December 3, 2013 |
He's done it again. Afghan President Hamid Karzai has startled and dismayed the world. After an arduous diplomatic process to define the terms of a future international presence in Afghanistan, he balked at the last second, like a white-eyed horse in front of a jump. Karzai was on board when the language of the Security and Defense Cooperation Agreement with U.S. negotiators was finalized on Nov. 19. Less than a week later, a gathering of Afghan elders, officials and community leaders (known as a loya jirga )
November 29, 2013 |
After more than a decade of U.S. military involvement in Afghanistan - and almost 2,300 American deaths - many Americans would be content if this country reduced its troop presence there from the current 47,000 to zero by the end of next year. That's the point at which Afghan forces are supposed to take responsibility for internal security. But the Obama administration makes a persuasive case that some residual force is necessary to ensure that country's stability. After months of painstaking negotiations, U.S. and Afghan officials recently reached a bilateral security agreement designed, in President Obama's words, "to train security forces, and sustain a counter-terrorism force, which ensures that Al Qaeda can never again establish a safe haven to launch attacks against us or our allies.
November 26, 2013 |
WASHINGTON - U.S. officials seeking to close a deal by year's end on the future of American troops in Afghanistan are exploring ways to bypass the country's mercurial president, Hamid Karzai, who negotiated the agreement but now refuses to sign it. Frustrated by Karzai's abrupt declaration that he won't ink the deal before Afghan elections in April, the Obama administration has begun pushing for Foreign Minister Zarar Ahmad Osmani or another top...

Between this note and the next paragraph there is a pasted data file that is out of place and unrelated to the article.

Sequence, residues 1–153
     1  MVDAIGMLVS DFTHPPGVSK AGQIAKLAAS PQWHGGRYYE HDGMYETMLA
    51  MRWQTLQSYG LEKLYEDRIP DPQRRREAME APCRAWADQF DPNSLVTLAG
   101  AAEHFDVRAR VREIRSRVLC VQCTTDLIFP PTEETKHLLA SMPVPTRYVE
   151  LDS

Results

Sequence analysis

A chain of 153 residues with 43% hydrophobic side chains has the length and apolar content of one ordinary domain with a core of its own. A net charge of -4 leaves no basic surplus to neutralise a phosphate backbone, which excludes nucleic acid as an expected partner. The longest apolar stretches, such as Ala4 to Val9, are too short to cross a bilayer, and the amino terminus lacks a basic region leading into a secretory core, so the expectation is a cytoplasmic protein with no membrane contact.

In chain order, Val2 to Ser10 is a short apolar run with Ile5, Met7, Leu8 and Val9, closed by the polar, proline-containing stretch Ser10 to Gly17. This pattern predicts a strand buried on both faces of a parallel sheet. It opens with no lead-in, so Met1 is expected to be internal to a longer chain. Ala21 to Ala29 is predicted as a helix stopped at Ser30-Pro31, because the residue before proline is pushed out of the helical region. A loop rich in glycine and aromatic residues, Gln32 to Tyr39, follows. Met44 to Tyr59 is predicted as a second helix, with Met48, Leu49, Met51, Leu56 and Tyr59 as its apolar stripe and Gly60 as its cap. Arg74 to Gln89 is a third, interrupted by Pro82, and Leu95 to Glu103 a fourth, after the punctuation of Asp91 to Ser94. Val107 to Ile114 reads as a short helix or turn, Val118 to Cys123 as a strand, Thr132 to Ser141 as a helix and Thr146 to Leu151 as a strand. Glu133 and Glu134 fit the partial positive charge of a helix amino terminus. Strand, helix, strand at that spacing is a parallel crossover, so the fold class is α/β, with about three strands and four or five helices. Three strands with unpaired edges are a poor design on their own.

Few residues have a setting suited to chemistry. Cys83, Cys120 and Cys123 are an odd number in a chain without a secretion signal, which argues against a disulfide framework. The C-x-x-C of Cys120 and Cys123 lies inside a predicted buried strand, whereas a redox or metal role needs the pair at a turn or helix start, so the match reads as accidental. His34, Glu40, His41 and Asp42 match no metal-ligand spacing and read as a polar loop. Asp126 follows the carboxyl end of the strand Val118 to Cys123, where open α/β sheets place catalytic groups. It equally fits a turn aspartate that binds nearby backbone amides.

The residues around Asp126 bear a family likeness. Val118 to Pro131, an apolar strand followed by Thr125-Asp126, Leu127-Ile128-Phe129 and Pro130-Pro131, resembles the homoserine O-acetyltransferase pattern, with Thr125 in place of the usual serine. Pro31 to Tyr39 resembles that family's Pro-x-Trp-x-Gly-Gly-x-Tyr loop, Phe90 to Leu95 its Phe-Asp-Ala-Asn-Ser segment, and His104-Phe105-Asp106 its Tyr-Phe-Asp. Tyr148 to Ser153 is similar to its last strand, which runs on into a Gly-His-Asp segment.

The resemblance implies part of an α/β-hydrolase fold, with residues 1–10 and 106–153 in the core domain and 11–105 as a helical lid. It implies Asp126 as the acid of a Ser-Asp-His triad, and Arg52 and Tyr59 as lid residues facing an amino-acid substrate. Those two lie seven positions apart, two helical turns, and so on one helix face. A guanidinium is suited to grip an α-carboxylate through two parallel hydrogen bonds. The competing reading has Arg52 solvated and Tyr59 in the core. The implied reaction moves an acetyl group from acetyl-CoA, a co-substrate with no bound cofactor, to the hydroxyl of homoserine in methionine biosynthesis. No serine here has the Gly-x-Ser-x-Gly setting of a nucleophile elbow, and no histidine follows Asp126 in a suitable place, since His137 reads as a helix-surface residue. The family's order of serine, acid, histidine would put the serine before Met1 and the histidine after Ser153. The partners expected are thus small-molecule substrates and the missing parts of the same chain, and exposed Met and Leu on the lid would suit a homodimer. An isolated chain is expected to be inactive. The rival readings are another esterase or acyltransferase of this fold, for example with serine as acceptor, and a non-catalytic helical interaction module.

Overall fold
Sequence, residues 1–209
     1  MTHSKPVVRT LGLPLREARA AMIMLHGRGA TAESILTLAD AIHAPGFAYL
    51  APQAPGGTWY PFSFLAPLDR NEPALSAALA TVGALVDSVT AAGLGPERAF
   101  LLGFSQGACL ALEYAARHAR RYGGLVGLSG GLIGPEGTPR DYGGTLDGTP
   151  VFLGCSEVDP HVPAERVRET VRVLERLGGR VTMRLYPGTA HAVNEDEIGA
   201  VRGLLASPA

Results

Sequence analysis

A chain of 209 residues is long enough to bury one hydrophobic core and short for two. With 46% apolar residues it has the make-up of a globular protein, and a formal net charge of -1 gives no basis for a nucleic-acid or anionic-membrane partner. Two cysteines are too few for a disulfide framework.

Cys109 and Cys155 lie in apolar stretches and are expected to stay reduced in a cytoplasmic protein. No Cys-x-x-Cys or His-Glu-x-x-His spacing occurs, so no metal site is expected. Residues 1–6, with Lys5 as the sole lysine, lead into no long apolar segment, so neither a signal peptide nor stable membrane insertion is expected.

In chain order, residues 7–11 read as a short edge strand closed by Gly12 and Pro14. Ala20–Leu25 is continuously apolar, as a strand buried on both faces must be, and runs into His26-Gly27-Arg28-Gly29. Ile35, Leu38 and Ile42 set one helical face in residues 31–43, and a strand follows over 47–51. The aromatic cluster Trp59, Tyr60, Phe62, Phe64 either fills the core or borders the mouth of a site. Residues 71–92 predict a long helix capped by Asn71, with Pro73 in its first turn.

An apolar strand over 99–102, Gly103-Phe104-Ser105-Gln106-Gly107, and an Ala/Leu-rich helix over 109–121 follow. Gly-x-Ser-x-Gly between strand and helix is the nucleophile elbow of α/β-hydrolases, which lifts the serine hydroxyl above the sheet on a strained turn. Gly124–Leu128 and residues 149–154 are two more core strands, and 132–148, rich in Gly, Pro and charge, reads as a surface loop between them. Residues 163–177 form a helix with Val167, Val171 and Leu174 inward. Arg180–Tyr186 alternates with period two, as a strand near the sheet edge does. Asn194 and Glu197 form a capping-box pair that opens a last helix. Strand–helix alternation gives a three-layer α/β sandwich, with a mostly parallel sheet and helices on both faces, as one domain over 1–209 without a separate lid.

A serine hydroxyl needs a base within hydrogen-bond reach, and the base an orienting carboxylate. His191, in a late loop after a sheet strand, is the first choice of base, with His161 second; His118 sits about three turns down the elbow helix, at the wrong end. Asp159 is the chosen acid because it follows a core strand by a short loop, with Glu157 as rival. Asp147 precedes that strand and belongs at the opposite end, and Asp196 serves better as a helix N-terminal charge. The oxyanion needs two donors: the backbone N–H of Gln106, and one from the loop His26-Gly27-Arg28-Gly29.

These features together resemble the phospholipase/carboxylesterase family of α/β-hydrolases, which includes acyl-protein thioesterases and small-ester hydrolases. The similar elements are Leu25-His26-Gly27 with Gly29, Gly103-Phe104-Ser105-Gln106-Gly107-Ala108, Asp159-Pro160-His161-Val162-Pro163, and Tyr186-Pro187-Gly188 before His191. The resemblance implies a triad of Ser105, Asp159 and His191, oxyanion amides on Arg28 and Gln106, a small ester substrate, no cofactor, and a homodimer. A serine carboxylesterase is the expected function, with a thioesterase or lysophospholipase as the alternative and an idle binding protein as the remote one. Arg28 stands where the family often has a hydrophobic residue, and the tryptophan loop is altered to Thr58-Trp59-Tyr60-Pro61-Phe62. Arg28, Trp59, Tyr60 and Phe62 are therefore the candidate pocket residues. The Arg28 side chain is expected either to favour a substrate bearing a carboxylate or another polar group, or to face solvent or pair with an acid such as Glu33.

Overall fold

November 25, 2013 |
KABUL, Afghanistan - From presidential candidates to grocers and spice merchants, many Afghans threw up their hands in frustration and exasperation with their elected president on Monday. They had watched Hamid Karzai on TV the day before, and many were baffled by what they saw. Karzai had brusquely rejected the recommendations of a special grand council he had personally convened to vote on whether Afghanistan should sign a security agreement with the United States. After the council, or loya jirga , enthusiastically endorsed the pact, Karzai refused to sign and launched an angry diatribe against the United States.
November 24, 2013 |
KABUL, Afghanistan - In a face-to-face rebuke to Afghan President Hamid Karzai, a grand council of Afghan dignitaries voted Sunday to recommend approval of a proposed 10-year security accord with the United States by the end of the year, agreeing to an American-imposed deadline. The white-bearded chairman of the advisory council, or loya jirga , told Karzai that he miscalculated by threatening a signing delay until spring. Chairman Sibghatullah Mojaddedi lectured Karzai, warning that if he delays signing, "I'll resign and leave the country.
November 21, 2013 |
KABUL, Afghanistan - He expressed outrage, sarcasm and black humor. He cast himself as a lonely voice defending his country's pride and sovereignty against American arrogance. After a frantic week of last-minute negotiations, Afghan President Hamid Karzai delivered a tepid endorsement Thursday of a proposed 10-year security pact with the United States in a rambling speech to an Afghan tribal gathering. But he then surprised attendees - and the world - by saying Afghanistan might not sign the accord until next spring.